A few years ago I shorted Corinthian Colleges, Inc. (NASDAQ:COCO) with the thesis that [i] for-profit colleges were saddling people with student loans without improving their job prospects after graduation, and [ii] the government would eventually remove their accreditation. The more money I lost, the more I shorted the stock. I may have been three years too early. That said, the company is set to announce its quarterly earnings on Aug. 25 and the stock - $0.18 per share - is priced for bankruptcy.
Corinthian is one of the largest post-secondary career education companies in North America. As of March 31, 2014, Corinthian had nearly 75,000 students, and operated 93 colleges in 25 states and Ontario, Canada. The company operates under the Everest College, Wyotech and Heald brand names. Corinthian's U.S. schools are accredited and grant diplomas or degrees pursuant to four primary concentrations: allied health, business, criminal justice, and automotive and construction trades. All of the Canadian schools grant diplomas and are regulated by the provincial ministry for education. The company also offers an online learning alternative available to students seeking an online education. Analysts are expecting revenue of $337.42 million and earnings per share ("EPS") of $0.11 per share. Below are the company's historical financial results:
- The lion's share of Corinthian's revenue consist of tuition and fees paid by students. Most students in the U.S. rely on funds received from federal financial aid programs under Title IV of the Higher Education Act of 1965.
- Revenue declined 12% Y/Y from $396 million from three months ended March 31, 2013 to three months ended March 31, 2014.
- Revenue declines are partially due to a decline in student population. At June 30, 2013, student population was 81,284. In January 2013, the company sold four Everest schools which also caused the student population to decrease.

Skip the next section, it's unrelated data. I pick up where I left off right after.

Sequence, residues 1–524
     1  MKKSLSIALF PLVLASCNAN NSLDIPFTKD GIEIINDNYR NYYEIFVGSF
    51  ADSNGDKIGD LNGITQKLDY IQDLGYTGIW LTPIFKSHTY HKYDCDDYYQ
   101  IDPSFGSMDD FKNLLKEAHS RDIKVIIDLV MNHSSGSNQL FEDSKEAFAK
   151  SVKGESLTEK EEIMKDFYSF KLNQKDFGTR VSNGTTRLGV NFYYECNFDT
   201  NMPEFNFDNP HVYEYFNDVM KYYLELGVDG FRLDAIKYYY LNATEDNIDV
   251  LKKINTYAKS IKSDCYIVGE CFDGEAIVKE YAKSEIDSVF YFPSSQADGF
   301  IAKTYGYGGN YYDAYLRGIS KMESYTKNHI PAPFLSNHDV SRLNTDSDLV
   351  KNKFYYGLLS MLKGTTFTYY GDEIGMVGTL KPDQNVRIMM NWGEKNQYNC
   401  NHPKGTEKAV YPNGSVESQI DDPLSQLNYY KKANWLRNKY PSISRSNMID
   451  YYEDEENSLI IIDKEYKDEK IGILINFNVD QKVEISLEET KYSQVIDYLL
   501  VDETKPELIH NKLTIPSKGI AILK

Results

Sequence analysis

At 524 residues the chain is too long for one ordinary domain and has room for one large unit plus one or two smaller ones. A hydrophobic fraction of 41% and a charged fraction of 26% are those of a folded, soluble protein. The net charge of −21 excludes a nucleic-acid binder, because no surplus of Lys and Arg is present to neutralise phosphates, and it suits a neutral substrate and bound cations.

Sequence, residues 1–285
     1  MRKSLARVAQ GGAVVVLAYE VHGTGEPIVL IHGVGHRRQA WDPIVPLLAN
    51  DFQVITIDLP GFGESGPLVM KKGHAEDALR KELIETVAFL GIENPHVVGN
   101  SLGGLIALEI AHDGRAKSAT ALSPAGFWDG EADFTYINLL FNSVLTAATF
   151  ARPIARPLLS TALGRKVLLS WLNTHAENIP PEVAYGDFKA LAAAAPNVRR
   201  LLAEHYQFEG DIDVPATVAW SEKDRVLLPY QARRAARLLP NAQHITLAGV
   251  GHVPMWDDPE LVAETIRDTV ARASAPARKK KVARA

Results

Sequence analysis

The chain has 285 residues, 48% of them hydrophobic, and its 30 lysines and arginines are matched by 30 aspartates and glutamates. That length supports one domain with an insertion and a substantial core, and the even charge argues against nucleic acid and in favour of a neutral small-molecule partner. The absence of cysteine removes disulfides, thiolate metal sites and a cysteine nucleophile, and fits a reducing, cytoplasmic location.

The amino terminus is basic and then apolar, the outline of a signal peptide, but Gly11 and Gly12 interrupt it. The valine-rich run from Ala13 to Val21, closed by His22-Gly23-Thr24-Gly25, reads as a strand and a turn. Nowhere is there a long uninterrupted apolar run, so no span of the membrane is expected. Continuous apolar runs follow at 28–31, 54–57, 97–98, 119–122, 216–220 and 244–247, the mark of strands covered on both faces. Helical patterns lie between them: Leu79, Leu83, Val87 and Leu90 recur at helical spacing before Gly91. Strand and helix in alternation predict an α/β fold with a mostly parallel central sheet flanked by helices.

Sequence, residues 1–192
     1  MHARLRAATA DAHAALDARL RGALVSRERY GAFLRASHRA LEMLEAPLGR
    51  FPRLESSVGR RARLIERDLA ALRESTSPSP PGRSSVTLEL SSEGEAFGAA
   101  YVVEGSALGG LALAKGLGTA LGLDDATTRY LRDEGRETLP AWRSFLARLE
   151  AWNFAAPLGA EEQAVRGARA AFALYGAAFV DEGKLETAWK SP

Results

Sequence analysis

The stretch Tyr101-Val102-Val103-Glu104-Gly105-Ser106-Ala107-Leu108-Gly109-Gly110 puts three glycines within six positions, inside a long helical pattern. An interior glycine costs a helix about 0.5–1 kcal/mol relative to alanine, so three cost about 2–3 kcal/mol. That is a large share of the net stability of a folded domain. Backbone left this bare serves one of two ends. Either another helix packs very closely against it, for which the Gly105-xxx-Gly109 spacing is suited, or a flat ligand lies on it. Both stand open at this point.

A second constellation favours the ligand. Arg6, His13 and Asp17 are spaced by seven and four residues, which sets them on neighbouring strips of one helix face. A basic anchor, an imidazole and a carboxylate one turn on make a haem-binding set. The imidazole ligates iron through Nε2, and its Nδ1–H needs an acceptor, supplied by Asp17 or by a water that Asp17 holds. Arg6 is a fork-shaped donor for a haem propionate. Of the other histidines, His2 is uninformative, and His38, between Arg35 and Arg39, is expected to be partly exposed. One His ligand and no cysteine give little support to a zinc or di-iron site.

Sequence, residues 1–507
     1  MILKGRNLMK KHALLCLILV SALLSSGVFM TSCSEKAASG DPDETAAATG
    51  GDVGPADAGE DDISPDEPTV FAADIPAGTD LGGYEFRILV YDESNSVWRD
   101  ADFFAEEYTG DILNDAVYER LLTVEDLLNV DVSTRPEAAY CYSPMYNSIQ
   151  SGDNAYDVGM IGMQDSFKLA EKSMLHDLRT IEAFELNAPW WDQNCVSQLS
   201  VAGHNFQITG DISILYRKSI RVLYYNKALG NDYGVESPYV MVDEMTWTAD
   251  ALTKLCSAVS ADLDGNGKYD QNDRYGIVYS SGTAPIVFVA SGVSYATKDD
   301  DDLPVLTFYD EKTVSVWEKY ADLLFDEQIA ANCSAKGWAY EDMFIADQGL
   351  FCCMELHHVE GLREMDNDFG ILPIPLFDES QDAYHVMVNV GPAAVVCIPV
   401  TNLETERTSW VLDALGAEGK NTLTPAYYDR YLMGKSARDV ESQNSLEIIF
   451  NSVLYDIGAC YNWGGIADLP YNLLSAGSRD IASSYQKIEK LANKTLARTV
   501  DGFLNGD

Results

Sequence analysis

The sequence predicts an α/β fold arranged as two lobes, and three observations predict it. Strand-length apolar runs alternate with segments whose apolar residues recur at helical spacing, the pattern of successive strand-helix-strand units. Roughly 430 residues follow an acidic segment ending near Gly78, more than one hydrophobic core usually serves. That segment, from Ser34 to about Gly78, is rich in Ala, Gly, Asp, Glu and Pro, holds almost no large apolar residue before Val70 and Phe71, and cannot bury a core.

- The company is currently party to a government probe over whether it misled students and investors about its finances and job placement. The company has since struck an agreement with the Department of Education to sell many of its campuses or close them down.
- About 85 of its 107 campuses are on the block, but the company has been unable to find a buyer.
- Analysts' revenue estimates of $337 million for the current quarter imply a 4% decline sequentially.
- Corinthian's operating income margin declined to 2% in the quarter-ended March 31, 2014 from 4% a year ago, rendering the company unable to cover its other expense items.
- The company had a loss of $0.91 per share in the quarter-ended March 31, 2014. Analysts are expecting EPS of $0.11 in the current quarter.
Corinthian has a market capitalization of $16 million and the stock is priced for bankruptcy. Whether or not the company survives may be a harbinger of things to come for competitors like Strayer Education (NASDAQ:STRA) and ITT Educational Services (NYSE:ESI). I would advise investors to avoid the stock.
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